UW to train teachers in comp. science | People

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The University of Wyoming received a grant from the National Science Foundation to provide model computer science programs specifically designed for schools in rural communities.

The three-year, $ 600,000 grant will be awarded to four UW computer science faculty members, one UW College of Education faculty member, and UW researchers and graduate students. They will lead 12 Wyoming high school teachers through a six-week research experience this summer. The objectives are: to advance computer research in the topical fields of artificial intelligence and high performance computing; machine learning for security; augmented reality / virtual reality; and cybersecurity.

Wyoming teachers, working with 12 partner school districts, will have virtual access to resources. The program, called Wyoming Supporting Teachers and Computing Knowledge, will provide additional resources for teachers and their students as needed.

The program is innovative in that it removes the barriers many rural communities face in accessing computers, said computer science professor Mike Borowczak, who leads the core research team at WySTACK for UW.

“The goal is to bridge the existing digital divide and show what collaboration and a group of partners can do to uplift our communities,” Borowczak said. “Through it all, the ultimate goal is for educators in Wyoming to collaborate with computer science teachers to bring new knowledge into the field of computing and return to their classrooms to engage, arouse and inspire. the interest of their local communities. ”

Andrea Burrows, WySTACK Co-Principal Investigator, leads a team, which includes two community college faculty members, to help participating teachers translate and integrate their computer science research into modules, lessons, and engagements for their own. classroom.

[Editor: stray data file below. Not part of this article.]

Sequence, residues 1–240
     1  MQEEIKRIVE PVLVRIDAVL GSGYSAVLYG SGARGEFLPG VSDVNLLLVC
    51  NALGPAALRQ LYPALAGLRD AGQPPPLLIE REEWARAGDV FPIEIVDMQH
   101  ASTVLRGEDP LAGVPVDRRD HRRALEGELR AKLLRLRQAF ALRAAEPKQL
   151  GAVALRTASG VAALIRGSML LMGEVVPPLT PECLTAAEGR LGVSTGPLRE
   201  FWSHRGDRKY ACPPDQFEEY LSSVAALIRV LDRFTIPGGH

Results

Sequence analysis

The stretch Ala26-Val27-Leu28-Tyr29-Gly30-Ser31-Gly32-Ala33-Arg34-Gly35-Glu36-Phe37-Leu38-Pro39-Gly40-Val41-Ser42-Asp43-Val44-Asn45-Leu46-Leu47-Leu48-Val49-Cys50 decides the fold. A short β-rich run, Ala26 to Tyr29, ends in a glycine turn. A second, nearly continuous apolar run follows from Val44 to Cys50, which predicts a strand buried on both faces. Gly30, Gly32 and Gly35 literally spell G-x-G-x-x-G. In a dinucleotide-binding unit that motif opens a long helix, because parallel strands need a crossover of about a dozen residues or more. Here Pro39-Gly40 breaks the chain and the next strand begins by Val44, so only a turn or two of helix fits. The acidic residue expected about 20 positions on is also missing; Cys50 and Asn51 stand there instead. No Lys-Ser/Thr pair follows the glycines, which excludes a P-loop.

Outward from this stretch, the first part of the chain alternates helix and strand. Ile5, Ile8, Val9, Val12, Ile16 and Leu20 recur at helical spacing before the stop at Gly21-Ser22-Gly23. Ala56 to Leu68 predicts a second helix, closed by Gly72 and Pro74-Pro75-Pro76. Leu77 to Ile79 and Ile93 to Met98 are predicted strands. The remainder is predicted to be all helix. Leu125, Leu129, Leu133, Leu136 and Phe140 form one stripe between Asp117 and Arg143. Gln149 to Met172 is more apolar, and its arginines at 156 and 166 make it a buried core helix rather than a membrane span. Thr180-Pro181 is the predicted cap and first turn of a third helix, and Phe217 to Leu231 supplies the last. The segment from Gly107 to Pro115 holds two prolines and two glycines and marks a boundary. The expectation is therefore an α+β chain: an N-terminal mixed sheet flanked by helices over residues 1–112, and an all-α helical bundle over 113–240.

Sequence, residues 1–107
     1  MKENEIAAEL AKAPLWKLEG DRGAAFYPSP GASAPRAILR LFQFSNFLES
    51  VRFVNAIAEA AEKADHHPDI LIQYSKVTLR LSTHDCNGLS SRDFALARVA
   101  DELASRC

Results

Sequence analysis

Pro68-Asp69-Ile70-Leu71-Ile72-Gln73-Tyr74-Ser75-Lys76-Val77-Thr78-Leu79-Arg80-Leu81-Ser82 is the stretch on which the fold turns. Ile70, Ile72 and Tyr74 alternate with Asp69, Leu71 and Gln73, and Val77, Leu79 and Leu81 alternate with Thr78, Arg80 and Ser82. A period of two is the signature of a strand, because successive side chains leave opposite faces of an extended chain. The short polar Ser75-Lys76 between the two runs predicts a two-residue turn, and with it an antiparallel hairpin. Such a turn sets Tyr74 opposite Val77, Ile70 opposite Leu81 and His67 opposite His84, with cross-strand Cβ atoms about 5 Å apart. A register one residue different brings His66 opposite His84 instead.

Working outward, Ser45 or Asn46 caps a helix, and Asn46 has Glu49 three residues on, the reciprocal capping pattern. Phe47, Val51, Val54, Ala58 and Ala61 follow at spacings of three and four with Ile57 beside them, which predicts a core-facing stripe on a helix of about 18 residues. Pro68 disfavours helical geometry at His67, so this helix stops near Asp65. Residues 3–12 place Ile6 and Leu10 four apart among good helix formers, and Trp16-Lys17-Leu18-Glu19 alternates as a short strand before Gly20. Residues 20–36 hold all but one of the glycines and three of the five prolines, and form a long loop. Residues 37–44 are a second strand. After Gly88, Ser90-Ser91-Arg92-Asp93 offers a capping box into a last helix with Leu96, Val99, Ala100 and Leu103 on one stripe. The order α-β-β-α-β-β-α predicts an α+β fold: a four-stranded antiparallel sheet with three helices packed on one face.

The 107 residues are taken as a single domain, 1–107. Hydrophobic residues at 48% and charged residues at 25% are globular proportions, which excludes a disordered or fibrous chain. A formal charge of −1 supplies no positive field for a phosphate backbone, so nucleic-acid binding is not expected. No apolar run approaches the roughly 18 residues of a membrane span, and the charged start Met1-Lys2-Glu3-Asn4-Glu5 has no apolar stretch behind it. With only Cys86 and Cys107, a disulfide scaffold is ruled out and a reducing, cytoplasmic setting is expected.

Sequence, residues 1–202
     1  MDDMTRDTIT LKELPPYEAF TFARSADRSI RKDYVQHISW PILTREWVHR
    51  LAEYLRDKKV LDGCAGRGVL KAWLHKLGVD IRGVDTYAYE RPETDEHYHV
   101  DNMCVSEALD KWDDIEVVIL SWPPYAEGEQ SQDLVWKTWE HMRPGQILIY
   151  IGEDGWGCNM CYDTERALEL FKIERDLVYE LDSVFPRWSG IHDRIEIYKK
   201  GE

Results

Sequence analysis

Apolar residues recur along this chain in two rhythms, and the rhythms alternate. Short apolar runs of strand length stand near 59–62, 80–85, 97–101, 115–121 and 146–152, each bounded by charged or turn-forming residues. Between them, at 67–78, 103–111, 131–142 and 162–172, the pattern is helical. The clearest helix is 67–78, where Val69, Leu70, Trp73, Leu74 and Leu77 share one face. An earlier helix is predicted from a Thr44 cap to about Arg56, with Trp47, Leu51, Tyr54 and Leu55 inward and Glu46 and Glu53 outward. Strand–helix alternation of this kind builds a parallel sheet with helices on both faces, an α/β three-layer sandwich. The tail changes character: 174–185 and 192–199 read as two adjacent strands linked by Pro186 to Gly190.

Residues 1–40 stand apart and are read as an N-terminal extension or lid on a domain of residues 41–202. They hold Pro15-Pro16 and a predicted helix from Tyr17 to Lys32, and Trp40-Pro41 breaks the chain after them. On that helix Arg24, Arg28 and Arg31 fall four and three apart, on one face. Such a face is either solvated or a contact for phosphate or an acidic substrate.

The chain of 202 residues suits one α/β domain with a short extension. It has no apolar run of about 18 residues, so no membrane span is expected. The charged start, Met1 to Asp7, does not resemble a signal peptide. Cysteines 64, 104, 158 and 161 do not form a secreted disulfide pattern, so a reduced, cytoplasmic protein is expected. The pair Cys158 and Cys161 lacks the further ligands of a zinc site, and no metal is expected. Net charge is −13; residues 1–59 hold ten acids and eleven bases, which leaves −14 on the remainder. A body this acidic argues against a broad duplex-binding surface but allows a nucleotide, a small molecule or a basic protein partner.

In addition to Burrows, professor and associate dean at the College of Education, other co-principal investigators are Amy Banic, associate professor of computer science at UW; and Diksha Shukla and Lars Kotthoff, both assistant professors of computer science at UW. Commercial and industrial partners are also involved.

The grant, one of 10 such grants to be awarded this year, will eventually hire 36 high school teachers and two Northwest College faculty members over a three-year period. The grant could directly reach over 7,200 high school students in science, technology, engineering and math.

“New aspects of this proposal include a comprehensive virtual experience – dealing with the digital divide and rural access – and an approach that allows teachers to gain experience in research as a method for learning computer and bring it back to their classroom in the fall, ”Borowczak said. “This is a pure research grant that involves high school teachers.”

Uniquely, WySTACK provides open access to everyone – educators, businesses, parents, and students – through existing partnerships with the Wyoming State Library System. Dissemination of co-developed research in high quality peer-reviewed journals and conferences complements other activities.

“Rather than restricting research activity or access to research facilities to a geographic area, we are leveraging the communications infrastructure within the state,” says Borowczak.

A WySTACK website will be built in the future. For now, more information can be found at uwyo.edu/wystack.



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